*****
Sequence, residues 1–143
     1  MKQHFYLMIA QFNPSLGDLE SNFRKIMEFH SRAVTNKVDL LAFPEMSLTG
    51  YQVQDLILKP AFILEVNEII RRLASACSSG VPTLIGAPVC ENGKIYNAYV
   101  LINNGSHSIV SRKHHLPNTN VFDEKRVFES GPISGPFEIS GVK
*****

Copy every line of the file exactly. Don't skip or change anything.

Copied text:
Sequence, residues 1–143
     1  MKQHFYLMIA QFNPSLGDLE SNFRKIMEFH SRAVTNKVDL LAFPEMSLTG
    51  YQVQDLILKP AFILEVNEII RRLASACSSG VPTLIGAPVC ENGKIYNAYV
   101  LINNGSHSIV SRKHHLPNTN VFDEKRVFES GPISGPFEIS GVK